My college creative writing teachers, who were all working poets. They showed me how to handle criticism constructively and without taking it personally. They also taught me that it doesn’t matter what I think I said; it only matters what the reader thinks I said.

What advice do you have for other writers?

Read both in your genre and outside it. Absorb the structure of story into your bones so it comes to you without conscious thought. When you set out on the first draft, have fun and write it just for yourself. You can think about pleasing editors, agents, and readers when you do the revisions. Finish the book; it’s amazing how many people don’t. Then write another one. If you want to succeed as a published author, you have to be able to produce good books regularly.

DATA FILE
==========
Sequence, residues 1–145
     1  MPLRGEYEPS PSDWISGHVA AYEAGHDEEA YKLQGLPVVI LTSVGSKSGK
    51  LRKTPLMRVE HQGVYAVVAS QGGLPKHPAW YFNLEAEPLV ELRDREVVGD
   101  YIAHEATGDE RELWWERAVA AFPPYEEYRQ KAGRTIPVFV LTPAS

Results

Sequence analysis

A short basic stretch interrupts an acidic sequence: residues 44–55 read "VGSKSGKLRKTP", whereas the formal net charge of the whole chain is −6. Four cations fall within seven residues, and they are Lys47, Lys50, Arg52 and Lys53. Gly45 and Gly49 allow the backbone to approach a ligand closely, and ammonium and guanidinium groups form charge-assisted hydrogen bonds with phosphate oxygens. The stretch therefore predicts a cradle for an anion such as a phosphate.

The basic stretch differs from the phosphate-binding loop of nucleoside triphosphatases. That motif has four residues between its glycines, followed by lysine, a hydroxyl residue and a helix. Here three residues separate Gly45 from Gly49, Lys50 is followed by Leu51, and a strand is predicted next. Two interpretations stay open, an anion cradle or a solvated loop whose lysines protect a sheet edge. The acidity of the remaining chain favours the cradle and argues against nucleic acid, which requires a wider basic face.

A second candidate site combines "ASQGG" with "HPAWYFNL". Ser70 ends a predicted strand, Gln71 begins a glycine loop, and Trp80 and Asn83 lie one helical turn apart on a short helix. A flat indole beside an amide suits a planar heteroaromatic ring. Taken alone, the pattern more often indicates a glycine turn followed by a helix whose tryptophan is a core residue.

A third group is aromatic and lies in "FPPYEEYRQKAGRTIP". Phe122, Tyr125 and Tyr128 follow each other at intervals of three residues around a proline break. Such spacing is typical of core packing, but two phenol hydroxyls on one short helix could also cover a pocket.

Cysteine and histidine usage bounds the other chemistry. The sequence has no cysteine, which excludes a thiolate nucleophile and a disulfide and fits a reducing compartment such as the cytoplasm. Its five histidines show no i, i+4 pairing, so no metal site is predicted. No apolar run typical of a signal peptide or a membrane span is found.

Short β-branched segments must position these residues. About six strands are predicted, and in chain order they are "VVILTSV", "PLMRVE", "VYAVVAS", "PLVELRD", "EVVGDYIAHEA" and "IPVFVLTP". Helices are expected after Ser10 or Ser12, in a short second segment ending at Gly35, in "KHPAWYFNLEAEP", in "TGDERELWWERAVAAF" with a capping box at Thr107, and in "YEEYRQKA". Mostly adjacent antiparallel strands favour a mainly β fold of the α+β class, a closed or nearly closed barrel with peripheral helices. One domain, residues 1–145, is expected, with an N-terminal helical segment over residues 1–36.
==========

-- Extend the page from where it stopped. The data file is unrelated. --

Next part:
Why did you decide to become a romance author?

I fell in love with Mr. Rochester in JANE EYRE at an early age, then moved on to Georgette Heyer and Kathleen Woodiwiss. Romance has always been my comfort read. When I commuted to New York City, I read romance on the PATH train, running through all my favorite authors rapidly and finding it difficult to discover more good romances. So I decided I would write the kind of romance that I wanted to read.

Would you tell us your story of getting “the call?”

I was in the car with my husband and two children, driving south to celebrate Thanksgiving with my extended family when my cell phone rang.